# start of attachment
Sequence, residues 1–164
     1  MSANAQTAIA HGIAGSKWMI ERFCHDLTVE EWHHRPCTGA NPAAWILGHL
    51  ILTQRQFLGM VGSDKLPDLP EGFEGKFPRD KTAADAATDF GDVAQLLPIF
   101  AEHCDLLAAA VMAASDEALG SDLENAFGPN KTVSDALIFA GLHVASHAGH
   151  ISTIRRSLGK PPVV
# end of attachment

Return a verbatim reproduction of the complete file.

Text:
Sequence, residues 1–164
     1  MSANAQTAIA HGIAGSKWMI ERFCHDLTVE EWHHRPCTGA NPAAWILGHL
    51  ILTQRQFLGM VGSDKLPDLP EGFEGKFPRD KTAADAATDF GDVAQLLPIF
   101  AEHCDLLAAA VMAASDEALG SDLENAFGPN KTVSDALIFA GLHVASHAGH
   151  ISTIRRSLGK PPVV